Hitting the road during tough conditions could be an everyday occurrence during the wintertime commuting for Maryland, Pennsylvania, and New York drivers. Snow, icy roads, fog, early nightfall, slicker pavements, unclear traffic signs, and so on. Emotions can affect your ability to react to that bad weather, which is why the number one tip about driving in tough conditions is to stay calm at all times.
Bad weather like hail, downpours, snowstorms, and even dust storms, affect your driving patterns and behaviors. You may have to re-route at the last minute or suddenly get anxious behind the wheel, jeopardizing your safety and increasing the chances of getting involved in a car accident. In fact, about 17% of car accidents happen in snowy conditions. And over 1,800 people die annually due to driving in snowy and icy conditions.
Losing traction on the road means no sharp moves
According to the FHWA, 70% of roads in the United States are in snowy areas, so the threat of an accident is significant. You could get involved in a car crash because your vehicle loses traction, which is a common situation that requires an immediate reaction.
Tire pressure lowers itself in winter and raises itself in summer. Under-inflated tires can cause a car to react more slowly to steering
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When you drive through wet, muddy, snowy, or icy roads, the reduced tire traction increases the chances of slipping out of control or skidding. You could mitigate the impact by slowing down, and reducing the pressure on the brakes to try to drive more smoothly. Avoid making rapid and sharp maneuvers when driving through slick conditions, otherwise you would be putting yourself at risk even more.
Damp sleet in the winter can turn the roads both icy and slippery
When handling slippery winter roads, make sure you drive at slower speeds, make gentler stops and take your time with turns. Don’t forget to increase the following distances between yourself and other vehicles. It’s advised to reduce speed to half the posted speed limit or less under snowy road conditions.
SEE ALSO: USED CAR INSPECTION GUIDE
Loss of control means regaining control
There are times where your car can’t help sliding regardless of your efforts to make it come to a full stop. In other words, you lose total control of your vehicle. Every person reacts differently to situations like these, but the worst you can do is panicking. Instead, stop pressing the gas and try to smoothly position the car in the direction you want to go.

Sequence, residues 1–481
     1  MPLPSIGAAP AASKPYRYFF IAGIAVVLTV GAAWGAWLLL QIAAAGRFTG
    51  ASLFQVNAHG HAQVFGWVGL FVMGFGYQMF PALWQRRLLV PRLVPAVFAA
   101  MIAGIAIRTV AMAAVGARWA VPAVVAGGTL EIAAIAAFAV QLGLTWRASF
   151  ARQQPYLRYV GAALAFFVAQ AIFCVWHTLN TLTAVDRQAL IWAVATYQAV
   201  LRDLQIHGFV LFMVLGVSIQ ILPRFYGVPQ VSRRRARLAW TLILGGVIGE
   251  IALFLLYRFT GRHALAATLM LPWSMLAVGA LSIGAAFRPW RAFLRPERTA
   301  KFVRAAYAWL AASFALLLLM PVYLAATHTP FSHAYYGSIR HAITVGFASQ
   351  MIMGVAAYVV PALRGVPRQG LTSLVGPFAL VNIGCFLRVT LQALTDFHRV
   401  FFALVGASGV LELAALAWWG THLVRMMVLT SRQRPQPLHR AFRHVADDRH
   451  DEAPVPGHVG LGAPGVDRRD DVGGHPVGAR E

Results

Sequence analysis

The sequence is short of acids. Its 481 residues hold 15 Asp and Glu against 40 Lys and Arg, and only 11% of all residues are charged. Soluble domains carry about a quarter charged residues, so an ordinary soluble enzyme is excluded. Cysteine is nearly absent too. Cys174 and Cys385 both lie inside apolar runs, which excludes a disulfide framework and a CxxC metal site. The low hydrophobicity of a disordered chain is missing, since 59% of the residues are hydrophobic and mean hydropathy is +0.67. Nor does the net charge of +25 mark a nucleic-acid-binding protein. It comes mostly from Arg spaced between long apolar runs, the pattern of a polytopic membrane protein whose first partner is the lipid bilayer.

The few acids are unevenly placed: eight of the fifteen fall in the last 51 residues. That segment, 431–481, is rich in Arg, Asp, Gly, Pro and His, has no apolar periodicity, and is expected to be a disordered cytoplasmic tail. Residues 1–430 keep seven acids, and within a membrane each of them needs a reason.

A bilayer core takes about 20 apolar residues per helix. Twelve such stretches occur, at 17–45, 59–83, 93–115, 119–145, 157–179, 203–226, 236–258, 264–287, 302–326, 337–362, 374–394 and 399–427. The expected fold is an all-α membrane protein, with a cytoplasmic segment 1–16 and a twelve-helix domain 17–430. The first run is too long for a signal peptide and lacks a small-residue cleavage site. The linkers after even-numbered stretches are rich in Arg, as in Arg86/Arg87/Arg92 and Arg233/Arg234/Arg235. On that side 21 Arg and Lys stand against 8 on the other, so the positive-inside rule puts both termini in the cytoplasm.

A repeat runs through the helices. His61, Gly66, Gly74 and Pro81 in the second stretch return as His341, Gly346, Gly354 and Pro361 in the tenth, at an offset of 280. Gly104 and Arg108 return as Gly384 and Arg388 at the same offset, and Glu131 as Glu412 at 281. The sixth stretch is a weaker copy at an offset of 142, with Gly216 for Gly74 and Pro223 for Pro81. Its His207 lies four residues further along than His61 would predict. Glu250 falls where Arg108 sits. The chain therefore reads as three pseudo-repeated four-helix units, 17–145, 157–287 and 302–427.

The key elements to safe winter driving are: stay alert, slow down, and stay in control
Another tip is to give moderate pressure to your brakes if needed. After steering the car in the right direction, add some pressure to the gas as you start gaining control of the car. Pay attention to where you’re headed, and focus all of your attention on where to go. That will help you reduce the anxiety and stay calm.
Sudden heavy snow storms could affect road visibility which is another danger of wintertime driving
What to do when you can’t regain control of vehicle
Imagine that you lost control of your car while driving on wet roads. Even though you tried to regain control of your car, you couldn’t avoid hitting an object. Sometimes the inevitable happens, but here’s what you need to do when that happens:
• Check that everyone in your vehicle and in the immediate area is safe
• Call for medical assistance, if you find anyone is injured
• Place your car in a safe spot, where you’re not blocking other drivers
• Call the police and /or tow truck, if you can’t move your car
• Contact auto insurance company to report any damages to car, injured parties or property
• Document scene, take pictures of the incident and surrounding area
• Gather contact details of everyone involved in the accident and witnesses
• Exchange auto insurance information
What’s black ice?
Driving during the winter is particularly dangerous because of black ice, often a transparent coating of ice on roads or other paved surfaces. It’s virtually invisible to the human eye when driving so it’s especially hazardous.
We hope these driving in wintertime tips help you stay safe during the colder months!